So while you’re booking things to do this summer, put your MOT in the diary before that mini break. 

2022 MOT pass rates by month of the year.
Generally speaking, warmer months are kinder when it comes to MOT pass rates.

A Christmas miracle? Probably not.

On 25th December 2022, 96.3% of cars tested passed their MOT – the highest daily rate of the year. 

Was that down to Santa spreading good cheer to the nation’s test centres? Perhaps his elves were helping out fixing the odd problem here and there before the examiners saw? Or it just might be because there were only 27 tests done nationwide rather than the usual thousands. Who can really say?

Make some noise for turquoise.

In previous years, it’s been a battle between turquoise and bronze for the colour with the best pass rate. Turquoise won in 2020, but in 2021 bronze took gold (confusingly) – squeezing into top spot by just 0.01%. 

This time round, turquoise has reclaimed the crown with a pass rate of 92.4%. (Here’s hoping that comes up for you at the pub quiz.) 

Turquoise cars tend to pass with flying colours.

Multi-coloured cars did worst with an 86.7% pass rate. It probably doesn’t take too much imagination to figure out why that might be…

The top 5 manufacturers are mostly Japanese.

Looking at cars in the 3-5 year old range, we see 80% of the list are from the land of the rising sun. The only change from the previous year’s data is that Porsche – the only European brand in the list – has edged above Honda.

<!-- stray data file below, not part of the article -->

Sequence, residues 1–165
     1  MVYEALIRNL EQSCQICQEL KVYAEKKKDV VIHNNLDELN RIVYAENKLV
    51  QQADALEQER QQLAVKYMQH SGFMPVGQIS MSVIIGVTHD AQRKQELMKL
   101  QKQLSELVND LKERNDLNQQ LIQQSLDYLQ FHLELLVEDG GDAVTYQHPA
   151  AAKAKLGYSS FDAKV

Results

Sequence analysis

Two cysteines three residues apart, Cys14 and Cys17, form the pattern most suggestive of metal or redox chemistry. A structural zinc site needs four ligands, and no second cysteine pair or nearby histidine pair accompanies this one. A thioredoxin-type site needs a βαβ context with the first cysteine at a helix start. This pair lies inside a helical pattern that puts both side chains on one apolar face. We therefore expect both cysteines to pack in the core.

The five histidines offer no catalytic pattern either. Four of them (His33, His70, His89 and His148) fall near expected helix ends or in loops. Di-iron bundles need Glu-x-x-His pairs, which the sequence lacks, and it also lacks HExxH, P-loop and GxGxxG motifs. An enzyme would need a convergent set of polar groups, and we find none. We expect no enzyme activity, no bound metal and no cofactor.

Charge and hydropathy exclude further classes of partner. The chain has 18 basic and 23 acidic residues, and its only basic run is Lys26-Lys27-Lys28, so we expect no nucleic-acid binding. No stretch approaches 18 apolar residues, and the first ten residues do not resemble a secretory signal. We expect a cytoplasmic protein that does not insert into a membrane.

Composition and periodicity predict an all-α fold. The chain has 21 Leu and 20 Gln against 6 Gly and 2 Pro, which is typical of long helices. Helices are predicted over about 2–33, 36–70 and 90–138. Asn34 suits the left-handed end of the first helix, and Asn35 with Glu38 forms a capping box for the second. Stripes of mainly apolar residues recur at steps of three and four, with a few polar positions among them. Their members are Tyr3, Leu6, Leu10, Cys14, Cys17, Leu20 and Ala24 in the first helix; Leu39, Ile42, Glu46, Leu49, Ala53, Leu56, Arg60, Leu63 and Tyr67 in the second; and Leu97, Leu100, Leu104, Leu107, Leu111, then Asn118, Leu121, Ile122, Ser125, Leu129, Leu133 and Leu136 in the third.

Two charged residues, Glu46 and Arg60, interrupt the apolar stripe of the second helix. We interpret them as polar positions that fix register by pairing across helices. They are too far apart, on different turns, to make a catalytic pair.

2021 2022
Make Pass rate (%) Make Pass rate (%)
Lexus 94.7 Lexus 95.3
Honda 94.1 Porsche 94.4
Porsche 94 Honda 94
Toyota 92.3 Toyota 92.1
Suzuki 92.3 Suzuki 92.1

…and it’s the same for the top 5 models.

In 2021, Honda had the 3 most reliable models in the 3-5 year category. In 2022, that top 3 is completely unchanged. There’s another Japanese model in 4th, and the top 5 is rounded out by a newcomer – the Skoda Karoq. 

2021 2021
Model Pass rate (%) Model Pass rate (%)
Honda Jazz 95.5 Honda Jazz 95.4
Honda HR-V 94.8 Honda HR-V 94.6
Honda CR-V 94.5 Honda CR-V 94.4
Audi Q2 93.9 Mazda CX-3 93.8
Suzuki Celerio 93.6 Skoda Karoq 93.7

The bottom 5 makes are all European. Yet again.  

Just as Japanese makes dominate the leader board, the wall of shame is very European – just as it was in 2021. Peugeot have escaped the bottom 5 at the expense of MG. However, the bottom 3 is still made up of less fortunate (and, it would seem, reliable) French makes. 

2021 2022
Make Pass rate (%) Model Pass rate (%)
Peugeot 88.2 MG 88
Vauxhall 87.5 Vauxhall 87.6
Renault 86.7 DS 87
DS 86 Renault 86.6
Citroen 86 Citroen 86.4

The worst models are getting worse.

The bottom five models list is almost identical to the last set of data – but overall their pass rates are going down. Apart from a slight uptick for the Vivaro, the bottom 5 are all did slightly worse than they managed a year before.  

2021 2022
Make Pass rate (%) Model Pass rate (%)
Volkswagen Caddy 82.3 Peugeot Partner  80.9
Mercedes Vito 81.5 Mercedes Vito 80.6
Citroen Berlingo 80.2 Citroen Berlingo 80
Vauxhall Vivaro 79.6 Vauxhall Vivaro 79.8
Renault Trafic 78.9 Renault Trafic 78.4